Handwriting can be easily embedded into any guided or independent writing activity. When the teacher notices incorrect letter formation, he/she can prompt the child by saying "Let me show you a faster way to make this letter..." The teacher then allows time for modeling and independent practice. This is occuring while the student is composing any sort of message or written assignment. When addressing handwriting in this manner, time is not wasted on forming letters that the child can form easily and quickly (without prompting or copying). This is a common practice during the writing portion of Reading Recovery lessons but classroom teachers can do the very same thing.

Anonymous Jun 15, 2017 11:29 AM


For those of us who use the Spalding Method for teaching reading this is "old news". Having taught first grade for more than 20 years, I know that correct letter formation should be explicitly taught and goes hand in hand with the reading process.

Anonymous Jun 15, 2017 11:30 AM


In my opinion its hard to meet all the demands of common core. It is hard to find the time for handwriting when we must meet the needs of reading, math, science, arts and even physical education. Personally, I was taught handwriting in school. I remember having writing books that we worked in once a day. It may have only been for a few minutes but we still had the chance to work on them. I feel that teachers can model writing skills and how to form letters when writing up on the white boards during whole group discussions. Then allow the students time to write in writing journals. These can be science, reading, math etc. Let them know that it will be looked at for neatness and handwriting techniques.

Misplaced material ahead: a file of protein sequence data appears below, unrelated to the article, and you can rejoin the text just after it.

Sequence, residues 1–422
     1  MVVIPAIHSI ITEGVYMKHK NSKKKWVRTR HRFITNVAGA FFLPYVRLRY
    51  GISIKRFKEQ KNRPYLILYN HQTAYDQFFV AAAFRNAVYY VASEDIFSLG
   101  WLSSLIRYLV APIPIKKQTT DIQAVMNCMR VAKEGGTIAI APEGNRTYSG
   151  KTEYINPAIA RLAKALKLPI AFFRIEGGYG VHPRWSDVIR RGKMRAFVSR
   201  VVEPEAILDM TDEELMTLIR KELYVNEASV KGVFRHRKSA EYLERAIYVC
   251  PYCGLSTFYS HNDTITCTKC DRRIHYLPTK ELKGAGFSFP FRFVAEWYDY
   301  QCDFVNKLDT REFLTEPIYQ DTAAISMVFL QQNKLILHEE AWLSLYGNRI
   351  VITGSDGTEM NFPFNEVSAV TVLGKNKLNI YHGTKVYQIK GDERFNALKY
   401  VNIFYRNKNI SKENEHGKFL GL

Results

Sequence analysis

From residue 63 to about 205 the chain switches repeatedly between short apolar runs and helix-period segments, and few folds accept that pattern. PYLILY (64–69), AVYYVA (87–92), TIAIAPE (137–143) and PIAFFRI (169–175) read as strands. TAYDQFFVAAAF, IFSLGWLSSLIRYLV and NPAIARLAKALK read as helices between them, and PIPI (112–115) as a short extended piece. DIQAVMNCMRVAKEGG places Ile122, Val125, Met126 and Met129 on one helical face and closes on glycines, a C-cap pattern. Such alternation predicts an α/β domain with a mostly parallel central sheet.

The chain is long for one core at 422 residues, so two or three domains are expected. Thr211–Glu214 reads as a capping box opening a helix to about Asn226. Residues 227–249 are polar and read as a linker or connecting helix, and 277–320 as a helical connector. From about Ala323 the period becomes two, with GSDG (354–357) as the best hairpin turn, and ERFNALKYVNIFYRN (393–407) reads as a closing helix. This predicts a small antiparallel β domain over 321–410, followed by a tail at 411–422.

April Dec 11, 2019 06:19 PM

Can anyone direct me to research on the appropriate age to begin handwriting instruction?

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Handwriting in the Time of Common Core